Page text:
Some of you have had your hands in the air for quite some time. Yes? “Okay, Anne,” many of you call out, rubbing life back into your tingling appendages, “I get it why I need to take the time to produce a synopsis that presents my book’s premise and central conflict well. But the length of the synopsis listed in the agency of my dreams’ guidelines is not all that much longer than a standard back jacket blurb, so why not just write it as such. And while I’m at it, why shouldn’t I tuck the same highly flattering 1-page synopsis into my next contest entry to run a little promotional copy past Mehitabel?”

Well, the first reason that comes screaming to mind is that Millicent and Mehitabel have back jacket blurb-style synopses tossed at them all the time. You’re not going to win any points for originality, and frankly, telling an agent or contest judge how terrific your writing is never works out as well as showing them that you’re talented.

Why not? This style of synopsis-writing lends itself to a series of vague generalities and unsupported boasts. The result often looks a little something like this:

Yes, I know that there’s a typo in the last paragraph, smarty pants — and I sincerely hope that you caught some of the many standard format violations as well. (If you didn’t spot any, or if this is the first you’ve ever heard that there is an expected format for book submissions, please dash as swiftly as your little legs will carry you to the archive list at right, click on the HOW TO FORMAT A MANUSCRIPT or STANDARD FORMAT ILLUSTRATED heading, and absorb, absorb, absorb.)

But is this synopsis-cum-blurb a successful description of the book? Of course not. To understand why, let’s evaluate the effectiveness of all three of today’s synopses. Force yourself to ignore the many cosmetic excesses of that last example: try to read it purely for content. Then go back and take another gander at our first two examples of the day.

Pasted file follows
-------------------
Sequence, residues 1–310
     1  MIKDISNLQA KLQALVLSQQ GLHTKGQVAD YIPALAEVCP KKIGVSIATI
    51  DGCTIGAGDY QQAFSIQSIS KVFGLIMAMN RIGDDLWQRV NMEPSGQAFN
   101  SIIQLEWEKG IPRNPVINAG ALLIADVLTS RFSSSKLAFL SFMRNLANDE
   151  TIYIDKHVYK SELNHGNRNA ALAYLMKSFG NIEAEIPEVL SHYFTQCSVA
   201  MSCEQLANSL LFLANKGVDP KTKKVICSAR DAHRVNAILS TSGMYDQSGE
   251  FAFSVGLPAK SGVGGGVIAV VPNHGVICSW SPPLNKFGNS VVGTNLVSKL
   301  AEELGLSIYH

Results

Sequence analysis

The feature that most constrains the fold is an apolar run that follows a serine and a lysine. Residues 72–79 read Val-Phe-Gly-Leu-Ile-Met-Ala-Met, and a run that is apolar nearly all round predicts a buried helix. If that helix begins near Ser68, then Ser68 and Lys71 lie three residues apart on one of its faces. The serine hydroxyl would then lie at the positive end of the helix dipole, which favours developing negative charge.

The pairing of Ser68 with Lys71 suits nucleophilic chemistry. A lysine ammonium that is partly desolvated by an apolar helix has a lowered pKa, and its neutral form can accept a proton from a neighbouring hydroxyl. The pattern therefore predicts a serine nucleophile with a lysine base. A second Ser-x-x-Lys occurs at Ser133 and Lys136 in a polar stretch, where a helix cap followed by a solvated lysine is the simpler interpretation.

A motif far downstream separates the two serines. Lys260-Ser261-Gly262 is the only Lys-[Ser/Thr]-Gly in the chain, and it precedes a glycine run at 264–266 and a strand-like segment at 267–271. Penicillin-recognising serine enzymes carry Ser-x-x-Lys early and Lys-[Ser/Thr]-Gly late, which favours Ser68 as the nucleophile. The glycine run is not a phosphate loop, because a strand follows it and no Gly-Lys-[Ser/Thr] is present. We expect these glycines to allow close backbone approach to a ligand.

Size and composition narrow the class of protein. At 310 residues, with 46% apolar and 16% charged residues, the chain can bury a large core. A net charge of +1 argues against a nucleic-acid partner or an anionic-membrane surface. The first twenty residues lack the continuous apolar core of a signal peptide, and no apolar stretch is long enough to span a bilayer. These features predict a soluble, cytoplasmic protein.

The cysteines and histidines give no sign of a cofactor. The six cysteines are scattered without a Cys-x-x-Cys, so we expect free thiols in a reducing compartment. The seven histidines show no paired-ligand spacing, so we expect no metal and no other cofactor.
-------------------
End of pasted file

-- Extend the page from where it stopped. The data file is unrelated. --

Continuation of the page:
How do they compare? Setting aside the most important writing distinction between these three examples — the third TELLS that the book is good, whereas the first and second SHOW that why it might be appealing through specifics — let me ask you: how well does each fulfill the criteria for 1-page synopsis success that we established above?

Oh, have you forgotten what they are in the haze of panic at the prospect of having to write a 1-page synopsis yourself? Okay, let’s recap:

(1) introduce the major characters and premise,

(2) demonstrate the primary conflict(s),

(3) show what’s at stake for the protagonist, and

(4) ideally, give some indication of the tone and voice of the book.

Obviously, the last example fails in almost every respect. It does (1) introduce a few of the main characters and part of the premise, but this description dumbs them down: Lizzy seems to be the passive pawn of Mr. Wickham, and not too bright to boot. It mentions (2) one of the conflicts, but neither the most important nor the first of the book. It also entirely misses the book’s assessment of (3) what’s at stake for Lizzy (other than the implied possibility of falling in love with the wrong man). Most seriously, (4) this blurb actively misrepresents the tone and voice of the book, presenting it as a torrid romance rather than a comedy of manners.

Why is this a mistake? Well, think about it: would an agent who represents steamy romantica be a good fit for PRIDE AND PREJUDICE? Would s/he be likely to have the editorial connections to place it under the right eyes quickly?